Anemone 'Alice', Sedum 'Autumn Fire', and Austin Rose 'Sophy's Rose' in October

There are Fall flowers here too - double-flowered pink Japanese Anemone 'Alice' is a fall-bloomer, and it tumbles through the brick red florets of Sedum 'Autumn Fire'. In the background, reddish-pink 'Sophy's Rose' has a second flush of bloom in Fall.

Anemone 'Alice' with Sedum 'Autumn Fire'

Japanese Anemones are wonderful plants, but their tall flower stems do flop all about in an unmannerly sort of way. It looks best if with sturdy neighbors to lean on. Sedum performs this duty admirably.

Sedum 'Autumn Fire' in September

Sedum is of course incredibly common and found even in the gardens of those who do not garden. Its popularity is quite deserved. Though not a "show-stopper" by any means, it is a stalwart four-season plant. It sits there quietly looking charmingly indestructible from spring to fall and even into winter. It is perhaps even more popular with bees than with gardeners, and we are always eager to accommodate these fuzzy little pollinators. Sedum's only potential fault is that if given too rich a soil, too much moisture, and/or too little sun, it will become floppy and open up in the center. A diet of lean soil, strong sunshine, and periodic division should prevent this problem.

Gaura lindheimeri in September, with Yew and Lamium 'Orchid Frost'

Another fall-bloomer in the Rose Garden is Gaura lindheimeri. I wanted a bushy, airy plant for the back of this bed. I am not sure I'm entirely satisfied with the Gaura - it seems to be lacking in "oomf" so far. But it does bloom for a long period, from late summer throughout fall. The pale flowers show up nicely against the dark yew foliage.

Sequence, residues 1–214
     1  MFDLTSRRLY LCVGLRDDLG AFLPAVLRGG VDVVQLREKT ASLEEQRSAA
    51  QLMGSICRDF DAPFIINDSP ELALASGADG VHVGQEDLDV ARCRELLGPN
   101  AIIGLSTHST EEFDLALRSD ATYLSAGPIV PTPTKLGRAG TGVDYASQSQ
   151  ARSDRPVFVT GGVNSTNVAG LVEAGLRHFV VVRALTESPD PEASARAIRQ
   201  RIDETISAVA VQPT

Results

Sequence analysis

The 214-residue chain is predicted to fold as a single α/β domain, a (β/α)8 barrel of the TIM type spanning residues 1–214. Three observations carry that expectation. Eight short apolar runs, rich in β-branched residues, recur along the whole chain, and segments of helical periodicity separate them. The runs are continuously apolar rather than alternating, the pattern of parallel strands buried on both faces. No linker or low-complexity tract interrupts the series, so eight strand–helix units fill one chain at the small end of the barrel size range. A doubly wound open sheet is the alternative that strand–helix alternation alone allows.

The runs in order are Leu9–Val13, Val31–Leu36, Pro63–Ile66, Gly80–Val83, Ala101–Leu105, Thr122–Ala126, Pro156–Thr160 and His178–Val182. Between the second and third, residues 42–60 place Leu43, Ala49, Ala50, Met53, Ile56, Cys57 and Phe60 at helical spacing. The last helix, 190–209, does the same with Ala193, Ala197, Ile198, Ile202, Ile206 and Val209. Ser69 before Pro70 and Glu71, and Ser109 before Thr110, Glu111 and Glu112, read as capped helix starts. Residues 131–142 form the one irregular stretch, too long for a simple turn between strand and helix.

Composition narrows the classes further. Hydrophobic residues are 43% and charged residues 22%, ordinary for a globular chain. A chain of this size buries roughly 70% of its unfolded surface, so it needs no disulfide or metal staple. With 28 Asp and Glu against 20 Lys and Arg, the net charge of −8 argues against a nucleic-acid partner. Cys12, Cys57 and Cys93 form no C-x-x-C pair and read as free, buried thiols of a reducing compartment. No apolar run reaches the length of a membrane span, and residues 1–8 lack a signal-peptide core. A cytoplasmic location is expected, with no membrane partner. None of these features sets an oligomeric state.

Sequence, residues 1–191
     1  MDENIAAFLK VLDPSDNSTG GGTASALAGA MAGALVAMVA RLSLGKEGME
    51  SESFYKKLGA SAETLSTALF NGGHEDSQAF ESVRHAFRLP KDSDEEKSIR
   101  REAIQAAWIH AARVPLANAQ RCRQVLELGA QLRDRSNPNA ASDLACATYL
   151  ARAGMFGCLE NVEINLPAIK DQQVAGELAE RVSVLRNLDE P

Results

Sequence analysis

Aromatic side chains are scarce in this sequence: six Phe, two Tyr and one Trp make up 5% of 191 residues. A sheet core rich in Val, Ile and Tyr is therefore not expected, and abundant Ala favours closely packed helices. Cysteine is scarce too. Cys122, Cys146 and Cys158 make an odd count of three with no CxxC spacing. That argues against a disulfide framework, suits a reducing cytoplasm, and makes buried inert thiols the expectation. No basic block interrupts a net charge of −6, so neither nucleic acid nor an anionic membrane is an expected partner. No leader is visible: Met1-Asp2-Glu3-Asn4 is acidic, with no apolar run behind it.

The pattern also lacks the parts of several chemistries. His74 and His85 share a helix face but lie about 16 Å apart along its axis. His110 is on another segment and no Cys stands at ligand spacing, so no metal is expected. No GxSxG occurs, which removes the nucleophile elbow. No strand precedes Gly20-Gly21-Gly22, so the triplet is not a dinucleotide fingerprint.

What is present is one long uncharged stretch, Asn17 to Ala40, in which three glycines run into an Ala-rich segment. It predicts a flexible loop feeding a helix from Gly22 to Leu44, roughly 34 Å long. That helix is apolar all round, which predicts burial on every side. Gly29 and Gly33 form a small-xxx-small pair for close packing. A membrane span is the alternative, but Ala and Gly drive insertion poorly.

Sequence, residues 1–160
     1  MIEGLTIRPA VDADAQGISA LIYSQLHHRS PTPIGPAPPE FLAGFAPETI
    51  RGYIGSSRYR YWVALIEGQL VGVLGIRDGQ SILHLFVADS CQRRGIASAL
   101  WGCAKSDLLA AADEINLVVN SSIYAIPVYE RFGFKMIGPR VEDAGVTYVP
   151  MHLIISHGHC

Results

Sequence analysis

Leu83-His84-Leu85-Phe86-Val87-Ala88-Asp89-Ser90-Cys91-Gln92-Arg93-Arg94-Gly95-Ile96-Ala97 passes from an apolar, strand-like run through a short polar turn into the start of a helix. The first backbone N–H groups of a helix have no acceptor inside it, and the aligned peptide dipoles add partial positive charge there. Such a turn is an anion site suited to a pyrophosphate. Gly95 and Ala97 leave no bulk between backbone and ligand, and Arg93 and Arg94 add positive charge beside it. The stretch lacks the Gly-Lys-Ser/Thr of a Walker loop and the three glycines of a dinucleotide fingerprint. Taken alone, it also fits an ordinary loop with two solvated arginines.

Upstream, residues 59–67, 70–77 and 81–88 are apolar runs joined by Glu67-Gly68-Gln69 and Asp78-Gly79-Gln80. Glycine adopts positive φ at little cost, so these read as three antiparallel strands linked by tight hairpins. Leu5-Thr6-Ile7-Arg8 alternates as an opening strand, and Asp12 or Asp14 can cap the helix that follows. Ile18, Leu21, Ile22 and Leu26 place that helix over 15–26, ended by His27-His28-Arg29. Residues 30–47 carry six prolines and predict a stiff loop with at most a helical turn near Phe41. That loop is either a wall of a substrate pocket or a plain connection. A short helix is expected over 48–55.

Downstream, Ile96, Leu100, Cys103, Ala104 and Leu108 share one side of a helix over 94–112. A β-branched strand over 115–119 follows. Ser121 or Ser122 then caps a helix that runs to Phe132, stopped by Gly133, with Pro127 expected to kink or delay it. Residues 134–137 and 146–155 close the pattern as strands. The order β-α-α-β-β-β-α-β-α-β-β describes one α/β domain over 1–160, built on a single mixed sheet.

September in the Rose Garden: Chrysanthemum 'Mammoth Lavender', 'Blue Point' Juniper, Euonymous fortunei 'Tricolor', Heuchera 'Sashay'

This Chrysanthemum is smothered in bloom in September. It is one of my first Chrysanthemums to bloom, and appears to be hardy (survived the horrendous winter of 2013!) This cultivar has a low, compact, bushy habit (with no pinching), and very large flowers. In reviewing these photos I realize that the fall flowers in the Rose Garden are all pink... I do like the pink color against the bluish foliage of the Juniper and Euonymous here. The foliage of earlier-blooming Iris sibirica and Iris tectorum continue to look fresh and spiky in the background. The giant weedy hole in the picture is where some recently transplanted roses used to be. It is now filled by a large hosta, which will hopefully appreciate the semi-shady conditions better than the roses did.

Geranium 'Patricia' in October

Geranium 'Patricia' continues to produce a smattering of black-eyed magenta flowers throughout Fall as well as Summer. The foliage of this Geranium does not have appreciable Fall color.

Austin rose 'Eglantyne' in Fall

The reblooming Austin roses do continue to spit out blooms well into Fall, although it is not of course their peak season. Here is tall, fragrant 'Eglantyne' lashed to an obelisk in October.

Quince 'Aromatnaya' - Fruit on tree in October

Finally, my Quince tree is located at the back of this bed, and in 2014 it produced 4 large yellow fruits. I made them into a delicious quince candy. Even though Fall is not the focal season of the Rose Garden,  tucking in fall-interest plants here and there means there is still plenty to enjoy.